4 steps to effective social channel use 1 2 3 4 channel & content strategy Persuasion through content & interaction From likes to ambassadors build reach The final phase is the most difficult part. In this phase you are looking to create a small army of active ambassadors. In order to succeed, you can focus on two dimensions: start by getting people as actively involved as possible and then give them usable content. Don’t just give them content to read or view; give them content that adds genuine value to their lives. Once consumers are using your content this creates an amplification effect. Once you’ve attracted a significant number of followers and fans, you need engaging content to keep them interested. The threshold to follow a brand is very low but it takes a huge effort to keep your audience engaged. To increase the return on content creation, it is advisable to build reach in the early phase of your online plan. In this phase, the hard part is maintaining a balance between relevant content on the one hand and being able to attract a large set of likes & followers on the other hand. The first step consists in formulating a clear vision on the role of each of the online touch points. Apart from defining the goals and content of each of the individual channels, this phase is also about deciding how those channels interrelate. In this phase, you must define which touch points are most likely to reach the social media (and broader business) objectives. Instead of creating silos you are going for an integrated approach where the whole is greater than the sum of the parts. b-conversational.com | twitter.com/stevenVBe B Conversational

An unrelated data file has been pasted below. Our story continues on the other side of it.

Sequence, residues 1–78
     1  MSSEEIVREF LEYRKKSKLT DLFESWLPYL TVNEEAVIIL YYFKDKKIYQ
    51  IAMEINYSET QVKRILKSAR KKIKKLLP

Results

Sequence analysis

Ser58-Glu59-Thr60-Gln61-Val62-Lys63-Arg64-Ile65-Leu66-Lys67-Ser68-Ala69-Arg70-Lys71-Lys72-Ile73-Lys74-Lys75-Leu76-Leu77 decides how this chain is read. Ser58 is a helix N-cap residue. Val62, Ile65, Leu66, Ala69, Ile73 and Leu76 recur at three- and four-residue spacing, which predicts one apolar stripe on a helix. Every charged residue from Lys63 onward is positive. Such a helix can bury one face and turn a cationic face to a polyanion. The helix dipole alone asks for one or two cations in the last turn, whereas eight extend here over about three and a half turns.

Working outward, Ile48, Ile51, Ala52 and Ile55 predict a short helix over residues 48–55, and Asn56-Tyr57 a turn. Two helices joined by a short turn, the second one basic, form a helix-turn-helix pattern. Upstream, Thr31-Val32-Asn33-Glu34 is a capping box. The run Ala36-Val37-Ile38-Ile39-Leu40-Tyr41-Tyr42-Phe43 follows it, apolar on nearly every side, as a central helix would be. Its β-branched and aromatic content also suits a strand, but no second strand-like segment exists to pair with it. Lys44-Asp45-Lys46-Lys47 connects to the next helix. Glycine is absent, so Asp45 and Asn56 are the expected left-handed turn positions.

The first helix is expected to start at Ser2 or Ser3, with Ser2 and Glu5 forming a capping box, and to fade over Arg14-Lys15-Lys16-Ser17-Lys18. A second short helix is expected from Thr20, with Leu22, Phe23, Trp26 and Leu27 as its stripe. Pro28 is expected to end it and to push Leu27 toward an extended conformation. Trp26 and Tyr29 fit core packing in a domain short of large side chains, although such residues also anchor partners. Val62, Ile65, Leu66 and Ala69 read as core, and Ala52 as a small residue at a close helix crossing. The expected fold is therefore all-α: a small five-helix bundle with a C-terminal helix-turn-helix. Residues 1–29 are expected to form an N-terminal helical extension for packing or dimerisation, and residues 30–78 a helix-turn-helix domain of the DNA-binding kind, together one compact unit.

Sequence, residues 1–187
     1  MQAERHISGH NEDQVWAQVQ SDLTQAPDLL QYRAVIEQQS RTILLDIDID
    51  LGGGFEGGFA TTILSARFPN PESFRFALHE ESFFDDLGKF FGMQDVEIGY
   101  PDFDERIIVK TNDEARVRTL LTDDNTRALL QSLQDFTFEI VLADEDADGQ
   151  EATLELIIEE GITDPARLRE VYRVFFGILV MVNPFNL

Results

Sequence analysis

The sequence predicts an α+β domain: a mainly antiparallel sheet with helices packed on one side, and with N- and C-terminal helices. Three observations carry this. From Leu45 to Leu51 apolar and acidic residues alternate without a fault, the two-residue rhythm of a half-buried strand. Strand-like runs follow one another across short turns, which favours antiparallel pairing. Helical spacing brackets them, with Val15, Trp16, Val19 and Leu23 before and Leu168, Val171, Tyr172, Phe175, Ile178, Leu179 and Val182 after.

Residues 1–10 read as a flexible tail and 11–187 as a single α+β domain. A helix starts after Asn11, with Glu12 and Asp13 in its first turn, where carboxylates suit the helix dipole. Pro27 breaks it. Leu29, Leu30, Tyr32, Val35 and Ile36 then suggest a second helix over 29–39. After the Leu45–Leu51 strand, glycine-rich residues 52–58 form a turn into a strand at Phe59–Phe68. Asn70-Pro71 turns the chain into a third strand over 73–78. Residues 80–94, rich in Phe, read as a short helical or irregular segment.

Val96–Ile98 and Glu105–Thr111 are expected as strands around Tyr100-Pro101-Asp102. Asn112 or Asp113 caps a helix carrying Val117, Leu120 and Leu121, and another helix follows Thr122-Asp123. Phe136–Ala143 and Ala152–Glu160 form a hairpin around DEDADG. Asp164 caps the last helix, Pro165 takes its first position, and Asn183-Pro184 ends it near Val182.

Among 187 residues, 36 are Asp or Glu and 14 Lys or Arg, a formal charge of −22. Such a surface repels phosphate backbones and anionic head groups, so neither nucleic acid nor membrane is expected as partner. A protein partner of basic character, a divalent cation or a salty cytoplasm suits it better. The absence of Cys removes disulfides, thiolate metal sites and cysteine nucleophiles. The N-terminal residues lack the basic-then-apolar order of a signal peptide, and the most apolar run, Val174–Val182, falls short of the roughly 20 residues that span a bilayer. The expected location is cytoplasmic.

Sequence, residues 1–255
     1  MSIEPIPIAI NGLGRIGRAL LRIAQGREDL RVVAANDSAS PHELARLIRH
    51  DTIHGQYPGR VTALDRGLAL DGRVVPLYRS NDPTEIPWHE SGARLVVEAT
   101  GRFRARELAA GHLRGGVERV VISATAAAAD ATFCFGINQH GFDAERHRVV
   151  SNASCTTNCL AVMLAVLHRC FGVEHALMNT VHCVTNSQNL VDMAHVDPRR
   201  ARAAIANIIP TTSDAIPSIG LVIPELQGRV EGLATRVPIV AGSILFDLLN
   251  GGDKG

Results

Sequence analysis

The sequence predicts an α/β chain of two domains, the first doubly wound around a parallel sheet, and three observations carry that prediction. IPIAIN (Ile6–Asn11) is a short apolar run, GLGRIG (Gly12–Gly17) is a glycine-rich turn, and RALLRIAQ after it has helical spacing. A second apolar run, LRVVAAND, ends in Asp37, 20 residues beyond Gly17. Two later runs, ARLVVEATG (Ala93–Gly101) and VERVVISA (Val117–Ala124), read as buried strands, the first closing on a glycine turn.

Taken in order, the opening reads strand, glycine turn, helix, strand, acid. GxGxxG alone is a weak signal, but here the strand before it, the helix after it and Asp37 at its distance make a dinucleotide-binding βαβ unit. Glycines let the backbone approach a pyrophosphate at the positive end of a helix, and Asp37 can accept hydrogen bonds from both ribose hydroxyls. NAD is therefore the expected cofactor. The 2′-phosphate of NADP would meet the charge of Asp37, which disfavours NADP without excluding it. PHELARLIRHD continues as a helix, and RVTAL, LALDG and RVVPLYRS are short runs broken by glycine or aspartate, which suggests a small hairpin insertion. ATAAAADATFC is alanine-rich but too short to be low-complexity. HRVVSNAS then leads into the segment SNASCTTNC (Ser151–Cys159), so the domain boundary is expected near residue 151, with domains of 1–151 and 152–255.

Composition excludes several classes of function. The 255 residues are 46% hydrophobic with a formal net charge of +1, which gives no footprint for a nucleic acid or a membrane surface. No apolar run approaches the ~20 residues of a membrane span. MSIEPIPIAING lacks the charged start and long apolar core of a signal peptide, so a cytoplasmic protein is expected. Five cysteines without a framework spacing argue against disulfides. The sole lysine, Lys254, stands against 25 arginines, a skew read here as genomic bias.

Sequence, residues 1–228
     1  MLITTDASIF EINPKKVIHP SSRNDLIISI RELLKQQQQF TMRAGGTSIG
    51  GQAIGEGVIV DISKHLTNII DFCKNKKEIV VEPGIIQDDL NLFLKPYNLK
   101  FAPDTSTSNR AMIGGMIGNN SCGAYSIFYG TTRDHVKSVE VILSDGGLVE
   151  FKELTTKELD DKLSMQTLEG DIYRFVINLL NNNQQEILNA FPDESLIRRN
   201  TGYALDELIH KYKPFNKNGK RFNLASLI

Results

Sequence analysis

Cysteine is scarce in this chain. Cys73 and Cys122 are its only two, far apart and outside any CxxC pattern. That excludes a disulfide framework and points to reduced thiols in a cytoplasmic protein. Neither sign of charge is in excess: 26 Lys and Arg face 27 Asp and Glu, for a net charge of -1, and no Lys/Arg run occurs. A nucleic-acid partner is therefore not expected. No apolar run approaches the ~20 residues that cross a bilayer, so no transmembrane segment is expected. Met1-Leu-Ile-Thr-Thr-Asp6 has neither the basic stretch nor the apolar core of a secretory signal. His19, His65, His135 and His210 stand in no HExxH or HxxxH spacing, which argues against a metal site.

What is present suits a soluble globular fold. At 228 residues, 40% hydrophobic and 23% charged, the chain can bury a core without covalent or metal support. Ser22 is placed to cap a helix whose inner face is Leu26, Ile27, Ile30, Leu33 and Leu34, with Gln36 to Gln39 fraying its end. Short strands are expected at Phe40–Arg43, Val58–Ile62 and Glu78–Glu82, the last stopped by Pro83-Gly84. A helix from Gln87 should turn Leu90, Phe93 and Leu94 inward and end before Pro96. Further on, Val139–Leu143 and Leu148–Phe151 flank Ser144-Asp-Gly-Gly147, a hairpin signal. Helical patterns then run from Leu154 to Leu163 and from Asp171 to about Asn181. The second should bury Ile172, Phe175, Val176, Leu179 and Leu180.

These four phases are obviously not entirely sequential; there is an overlap between phases 2, 3 and 4. In our strategy, it’s not that hard to define the necessary actions for the various steps. In real life, though, we need to be flexible enough to adapt to consumer needs in a moment’s notice. Once a certain stage is reached, phases 2, 3 and 4 become iterative steps in an eternal loop designed to build reach and create more ambassadors. Conversion Convince with content & interaction Build reach through campaigns Content Touchpoint plan TIME In the next part of this paper, we will dive into the details of each of these 4 steps. b-conversational.com | twitter.com/stevenVBe B Conversational
STEP 1 channel and content strategy Most managers think of social media channels as stand-alone silos. Content is spread through each of these channels without a clear plan on how to reach business objectives. The truth is that all online channels are interrelated. Consumers can even be routed from channel A to channel B. In this phase, we recommend companies to elaborate a ‘content-conversion’ plan. b-conversational.com | twitter.com/stevenVBe B Conversational